Finally, the characteristics of the materials themselves can also determine how likely it is for mass wasting to occur. According to Gore (2006), “Some types of materials shrink and swell as they are wetted and dried. For example, a type of clay called montmorillonite clay expands when wet and shrinks when dry. It causes soil instability and can lead to mass wasting or downslope movement of soil.”
Mass wasting is not simply caused by gravity. Several factors can determine the how likely mass wasting is to occur.
Gore, P. (2006). Mass Wasting. Georgia Perimeter College. Retrieved 29 April 2008 from: http://facstaff.gpc.edu/~pgore/geology/geo101/masswasting.html.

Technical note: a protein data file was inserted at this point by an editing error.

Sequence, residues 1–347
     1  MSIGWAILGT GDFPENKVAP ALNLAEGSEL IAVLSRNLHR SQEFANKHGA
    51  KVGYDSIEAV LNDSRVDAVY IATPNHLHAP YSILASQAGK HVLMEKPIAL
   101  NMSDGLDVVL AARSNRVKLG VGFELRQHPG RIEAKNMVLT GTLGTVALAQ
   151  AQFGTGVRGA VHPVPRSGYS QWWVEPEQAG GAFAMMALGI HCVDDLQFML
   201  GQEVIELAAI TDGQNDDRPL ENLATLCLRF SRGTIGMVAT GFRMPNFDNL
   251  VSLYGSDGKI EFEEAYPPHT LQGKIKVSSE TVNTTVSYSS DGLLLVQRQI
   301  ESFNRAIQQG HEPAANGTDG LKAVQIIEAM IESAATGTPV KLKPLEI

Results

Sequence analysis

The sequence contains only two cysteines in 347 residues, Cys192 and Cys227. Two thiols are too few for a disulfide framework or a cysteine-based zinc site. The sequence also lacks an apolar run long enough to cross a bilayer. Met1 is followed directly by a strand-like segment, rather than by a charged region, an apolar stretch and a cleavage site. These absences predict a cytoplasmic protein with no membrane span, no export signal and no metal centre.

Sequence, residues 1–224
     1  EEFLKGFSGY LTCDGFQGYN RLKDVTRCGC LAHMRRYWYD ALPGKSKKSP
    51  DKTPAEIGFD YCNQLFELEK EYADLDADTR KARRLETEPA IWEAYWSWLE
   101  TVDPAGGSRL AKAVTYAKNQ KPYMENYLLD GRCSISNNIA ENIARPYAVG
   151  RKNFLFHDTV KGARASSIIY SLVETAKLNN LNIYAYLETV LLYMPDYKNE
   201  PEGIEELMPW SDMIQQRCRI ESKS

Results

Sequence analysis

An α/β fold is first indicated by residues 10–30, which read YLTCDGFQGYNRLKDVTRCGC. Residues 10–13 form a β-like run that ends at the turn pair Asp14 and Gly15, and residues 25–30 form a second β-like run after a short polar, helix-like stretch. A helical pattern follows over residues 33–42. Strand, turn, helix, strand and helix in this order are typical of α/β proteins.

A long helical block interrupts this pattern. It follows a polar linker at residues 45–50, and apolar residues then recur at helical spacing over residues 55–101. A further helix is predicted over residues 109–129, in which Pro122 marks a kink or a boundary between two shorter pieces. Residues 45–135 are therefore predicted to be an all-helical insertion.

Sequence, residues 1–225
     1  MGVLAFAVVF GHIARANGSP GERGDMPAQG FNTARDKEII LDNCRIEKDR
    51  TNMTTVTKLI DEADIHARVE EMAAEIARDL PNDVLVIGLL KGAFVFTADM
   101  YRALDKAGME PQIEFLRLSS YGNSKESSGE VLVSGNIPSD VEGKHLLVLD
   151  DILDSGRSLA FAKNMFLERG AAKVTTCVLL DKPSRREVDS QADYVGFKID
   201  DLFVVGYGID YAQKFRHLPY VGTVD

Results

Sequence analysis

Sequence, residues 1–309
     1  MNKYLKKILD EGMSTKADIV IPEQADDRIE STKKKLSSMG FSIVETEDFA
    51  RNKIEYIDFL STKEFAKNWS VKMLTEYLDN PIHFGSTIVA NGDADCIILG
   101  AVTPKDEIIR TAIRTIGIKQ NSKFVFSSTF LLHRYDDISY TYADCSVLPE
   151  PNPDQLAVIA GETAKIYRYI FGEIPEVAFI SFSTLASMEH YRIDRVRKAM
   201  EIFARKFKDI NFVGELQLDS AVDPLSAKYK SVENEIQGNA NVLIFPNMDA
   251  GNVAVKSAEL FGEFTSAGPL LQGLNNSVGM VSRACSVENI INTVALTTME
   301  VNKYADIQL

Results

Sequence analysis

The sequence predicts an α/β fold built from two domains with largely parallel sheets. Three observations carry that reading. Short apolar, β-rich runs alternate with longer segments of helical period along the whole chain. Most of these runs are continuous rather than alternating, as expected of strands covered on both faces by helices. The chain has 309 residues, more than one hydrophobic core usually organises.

Monroe, Wicander (2005). The Changing Earth: Exploring Geology and Evolution. Thomson Brooks/Cole.
Nelson, S. (2007). Mass wasting and mass wasting processes. Tulane University. Retrieved 29 April 2008 from: http://www.tulane.edu/~sanelson/geol204/masswastproc.htm.
Perry, B. (n.d.) Introduction to mass wasting. California State University, Long Beach. Retrieved 29 April 2008 from: http://seis.natsci.csulb.edu/bperry/Mass%20Wasting/Introduction_to_Mass_Wasting.htm.
Selby, M.J. (1993). Hillslope Materials and Processes, 2e. Oxford University Press.